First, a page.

The preferred embodiment of the Present invention comprises a mixture of crude oil in which a suitable amount of a surface-active agent of the type described has been dispersed and to which is then introduced a suitable amount of fine particle size chrysotile asbestos and, where desired, a suitable amount of a fluid-loss reducing additive, this mixture then being thoroughly mixed to insure uniformity before being used as an oil-base drilling fluid; or alternately a concentrate can be prepared in which asbestos, a surface-active agent and, where desired, a fluid-loss reducing material are combined to give a dry fibrous powder which can then be incorporated with oil to produce an oil-base drilling fluid.

A particularly useful application of the present invention is in the preparation of oil-base workover fluids. Such fluids are used when it is desired to re-enter a well which has been abandoned or Whose production has been partially depleted, or to deepen a well without harming existing production. The workover operation amounts to cleaning out the bore hole of sand and other contaminants that have entered the well and tend to block the flow of oil into the hole.

Another useful application of this invention is in the treating of fracturing oils to give them increased suspending properties. The ability of a fracturing fluid to suspend additional sand and other siliceous materials is an important characteristic when it is desired to clean out the bore hole after a fracturing operation.

The increased weight-suspending properties which are imparted to an oil-base fluid through the practice of this invention can also be advantageously applied to oil-base packer fluids. Packer fluids are used to fill the area between the tubing and easing upon completion of the well. In areas where high formation pressures are encountered, it is frequently necessary to load up the packer fluid with large amounts of weighting material which tend to settle badly when the fluid is in a static condition.

Oil-base muds are well known in the art, and do not need especial description here, except to note that this type of drilling fluid or mud has oil as its continuous phase. Water may also be present, and when this is the case, the water is in the form of a water-in-oil emulsion, and generally constitutes a minor percentage of the fluid by volume. The oil is generally a petroleum oil, often a crude oil, frequently topped to remove its most volatile constituents, and thereby lower its flash point; or the oil may be a refined or partially refined product, such as fuel oil, diesel oil, kerosene, stove oil, and the like. Crude oil having an API gravity of between 22 and 28 has been found satisfactory. The oil-base fluid may contain mineral additives, such as calcium carbonate. ground barite,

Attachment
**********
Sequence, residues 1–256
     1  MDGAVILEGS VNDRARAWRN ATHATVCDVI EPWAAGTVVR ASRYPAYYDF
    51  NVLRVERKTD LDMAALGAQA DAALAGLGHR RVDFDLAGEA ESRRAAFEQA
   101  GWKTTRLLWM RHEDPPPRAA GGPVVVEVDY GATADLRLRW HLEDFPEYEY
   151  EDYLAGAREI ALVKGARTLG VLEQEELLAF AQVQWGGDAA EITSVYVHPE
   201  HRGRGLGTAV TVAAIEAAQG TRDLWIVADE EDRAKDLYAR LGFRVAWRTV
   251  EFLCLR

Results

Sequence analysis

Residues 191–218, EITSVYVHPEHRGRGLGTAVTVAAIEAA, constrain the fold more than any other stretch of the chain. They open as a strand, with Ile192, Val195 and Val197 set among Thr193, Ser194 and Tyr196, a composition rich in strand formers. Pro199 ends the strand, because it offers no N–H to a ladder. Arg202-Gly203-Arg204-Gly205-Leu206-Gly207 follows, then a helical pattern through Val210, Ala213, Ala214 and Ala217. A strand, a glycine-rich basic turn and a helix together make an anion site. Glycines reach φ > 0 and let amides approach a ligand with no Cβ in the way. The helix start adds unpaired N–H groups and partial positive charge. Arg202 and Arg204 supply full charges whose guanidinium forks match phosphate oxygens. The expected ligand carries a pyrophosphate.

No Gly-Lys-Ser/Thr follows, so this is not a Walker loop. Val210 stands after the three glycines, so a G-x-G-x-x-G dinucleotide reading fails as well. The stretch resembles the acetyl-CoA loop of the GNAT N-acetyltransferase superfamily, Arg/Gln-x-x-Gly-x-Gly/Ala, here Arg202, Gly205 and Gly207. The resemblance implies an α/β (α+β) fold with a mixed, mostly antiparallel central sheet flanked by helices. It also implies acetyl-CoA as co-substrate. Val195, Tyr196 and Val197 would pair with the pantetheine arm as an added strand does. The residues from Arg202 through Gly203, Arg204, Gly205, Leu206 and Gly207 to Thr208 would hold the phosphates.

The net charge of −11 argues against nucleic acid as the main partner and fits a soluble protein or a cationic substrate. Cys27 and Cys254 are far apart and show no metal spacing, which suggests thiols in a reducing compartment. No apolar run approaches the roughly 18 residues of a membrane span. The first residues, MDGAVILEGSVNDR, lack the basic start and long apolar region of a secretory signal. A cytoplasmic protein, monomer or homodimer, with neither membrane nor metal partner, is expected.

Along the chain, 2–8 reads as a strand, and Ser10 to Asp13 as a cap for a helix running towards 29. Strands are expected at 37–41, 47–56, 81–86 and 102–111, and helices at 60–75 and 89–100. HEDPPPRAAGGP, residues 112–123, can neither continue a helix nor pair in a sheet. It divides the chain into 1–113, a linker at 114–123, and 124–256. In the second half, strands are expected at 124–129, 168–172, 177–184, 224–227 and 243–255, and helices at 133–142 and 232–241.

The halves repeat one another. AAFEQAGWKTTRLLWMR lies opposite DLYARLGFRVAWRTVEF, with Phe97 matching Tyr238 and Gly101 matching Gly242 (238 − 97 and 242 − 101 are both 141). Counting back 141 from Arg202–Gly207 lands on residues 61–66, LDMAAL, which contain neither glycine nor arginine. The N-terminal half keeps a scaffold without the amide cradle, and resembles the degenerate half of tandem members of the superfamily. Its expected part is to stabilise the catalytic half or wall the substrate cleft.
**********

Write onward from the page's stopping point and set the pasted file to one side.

Patented Aug. 8, 1961;

iron oxide, asphalt, gilsonite, and other ingredients common in this art.

The asbestos which we use is any mineral of the asbestos group, which specifically comprises actinolite, anthophyllite, amosite, chrysotile, crocidolite, and tremolite, and where the word asbestos is used in the claims, it is to be understood as any member of this naturally occurring and well-defined group. All of these minerals have a pronounced fibrous structure, which is generally readily visible to the unaided eye, although in some varieties inspection under a hand lens of 5 or power is necessary to observe the fibrous structure. We use the asbestos in a comminuted state, most generally ground so as to pass a 30-mesh screen, although still finer grinding is in many cases useful. The asbestos cloth weaving industry provides a preferred and readily available source of material in the form of the so-called shorts, which are too small for weaving purposes. This asbestos is generally of the chrysotile variety.

The surface-active agent which we use is characterised by its possession of a long hydrocarbon group, such as an alkyl group of 9 or more carbon atoms in length, an abietic group, a so-called keryl radical as obtained from kerosene, or the like, attached to a hydrophilic group which may be carboxyl, sulfate, sulfonate, polyoxyethylene, or a cationic group, such as an ammonium or quaternary ammonium group. A discussion of hydrophobic groups of the type described is contained on pages 1719 of the book Surface Active Agents by Schwartz and Perry, New York, 1949.

Where the surface-active agent contains a carboxyl or sulfate radical, this will generally be neutralized with an alkali metal or alkaline earth metal cation or a short chain amine or alkanol amine, such as sodium, potassium, calcium, magnesium, methylammonium, or triethanolammonium. Where the surface-active agent is of the cationic type, it will generally be used in salt form, the anion being derived from a mineral acid or a simple organic acid, such as acetic or propionic acid. Thus, the cationic surface-active agents will be in the form of their chloride, nitrate, sulfate, acetate, and the like salts.